April 2012

Hell’s Bell’s

Larry Bell, the founder and majority owner of Bell’s Brewery, is thinking of selling the nation’s 13th largest brewery. Not that he wants to cash out, but business and family considerations might force him to.

Bell told John Liberty of the Kalamazoo Gazette: “We, as a family, have to soon figure out what’s going to happen. Unfortunately, the way this thing is structured, this company is structured, it’s not sustainable. I’m not set up estate-wise to guarantee it can be handed over to the kids. We’ve been trying to work on that.”

Bell’s 26-year-old daughter, Laura, is the brewery’s director of marketing. His 24-year-old son, David, lives in Washington, D.C., and helps with Bell’s-related events in the area.

Buy Me Some Peanuts and…Beer!

It’s taken a while, but local craft beer has gotten into the lineup at major league ballparks. The staff of FoodRepublic.com has noticed this trend, and assembled a slideshow of beer offerings at 12 parks.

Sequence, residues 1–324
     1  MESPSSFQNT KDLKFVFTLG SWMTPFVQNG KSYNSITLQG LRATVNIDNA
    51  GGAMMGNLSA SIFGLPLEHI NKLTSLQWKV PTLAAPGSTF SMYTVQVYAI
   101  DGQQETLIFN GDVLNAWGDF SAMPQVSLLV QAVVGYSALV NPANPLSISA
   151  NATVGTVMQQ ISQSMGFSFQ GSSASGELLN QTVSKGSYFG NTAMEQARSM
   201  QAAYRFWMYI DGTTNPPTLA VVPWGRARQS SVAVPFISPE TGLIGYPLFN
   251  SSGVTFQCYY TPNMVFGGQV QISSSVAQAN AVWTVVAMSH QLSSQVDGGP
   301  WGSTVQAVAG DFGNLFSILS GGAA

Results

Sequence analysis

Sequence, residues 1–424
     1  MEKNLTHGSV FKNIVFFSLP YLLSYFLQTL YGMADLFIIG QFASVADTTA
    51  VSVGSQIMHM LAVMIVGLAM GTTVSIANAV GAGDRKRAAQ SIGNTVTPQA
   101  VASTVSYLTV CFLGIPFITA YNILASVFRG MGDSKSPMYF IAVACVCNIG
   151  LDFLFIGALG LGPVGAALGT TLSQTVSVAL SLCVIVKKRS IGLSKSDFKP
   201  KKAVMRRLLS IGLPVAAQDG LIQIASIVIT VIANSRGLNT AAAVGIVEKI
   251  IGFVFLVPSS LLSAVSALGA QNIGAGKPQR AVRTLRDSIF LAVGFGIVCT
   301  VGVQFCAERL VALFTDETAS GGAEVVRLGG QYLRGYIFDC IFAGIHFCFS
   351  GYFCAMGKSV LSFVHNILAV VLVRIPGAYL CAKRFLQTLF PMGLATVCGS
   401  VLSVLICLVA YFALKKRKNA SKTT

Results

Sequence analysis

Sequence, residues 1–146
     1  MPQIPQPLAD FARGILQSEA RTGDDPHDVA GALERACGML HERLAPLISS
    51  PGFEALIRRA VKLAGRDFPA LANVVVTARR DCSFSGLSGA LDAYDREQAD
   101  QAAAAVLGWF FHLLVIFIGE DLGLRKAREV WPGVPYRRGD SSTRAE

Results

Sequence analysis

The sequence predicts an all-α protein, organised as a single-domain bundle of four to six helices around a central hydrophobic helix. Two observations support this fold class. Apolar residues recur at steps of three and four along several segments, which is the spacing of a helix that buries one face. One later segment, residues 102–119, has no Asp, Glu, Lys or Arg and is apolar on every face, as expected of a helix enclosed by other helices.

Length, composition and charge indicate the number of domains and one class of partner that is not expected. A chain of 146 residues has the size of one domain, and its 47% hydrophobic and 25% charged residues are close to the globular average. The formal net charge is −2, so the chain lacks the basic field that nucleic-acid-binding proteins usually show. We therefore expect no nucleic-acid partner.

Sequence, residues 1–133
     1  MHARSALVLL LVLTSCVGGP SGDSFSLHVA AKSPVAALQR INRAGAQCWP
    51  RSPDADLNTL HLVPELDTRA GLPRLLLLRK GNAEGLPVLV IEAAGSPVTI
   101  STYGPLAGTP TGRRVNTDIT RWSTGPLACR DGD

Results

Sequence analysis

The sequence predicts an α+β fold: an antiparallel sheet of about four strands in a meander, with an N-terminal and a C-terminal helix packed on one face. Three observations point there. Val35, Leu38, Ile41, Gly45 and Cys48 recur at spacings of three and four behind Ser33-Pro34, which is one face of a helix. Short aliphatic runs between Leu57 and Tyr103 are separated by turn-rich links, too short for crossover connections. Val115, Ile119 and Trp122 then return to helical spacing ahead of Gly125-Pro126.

While we’re on the subject of ballparks, Ludwig wants to why the song lyrics refer to “peanuts and Cracker Jack” when peanuts are one of the ingredients in Cracker Jacks. At least both pair well with beer.

The Friday Mash (”Eek! A Mouse!” Edition)

Thirty-one years ago today, the Xerox Palo Alto Research Center introduced the computer mouse. The prototype mouse was invented in 1963 by Douglas Engelbart. Unfortunately, Engelbart’s patent for the device expired before it was widely used in personal computers.

And now…The Mash!

We begin in ancient Mesopotamia which, thousands of years ago, was the beer capital of the world. Back then, the royal well-to-do drank their brew out of straws. Don’t scoff. They also invented writing, irrigation, and the clock.

Don’t drink and gamble, please! Players from countries with the highest per capita beer consumption wind up the biggest losers in casinos.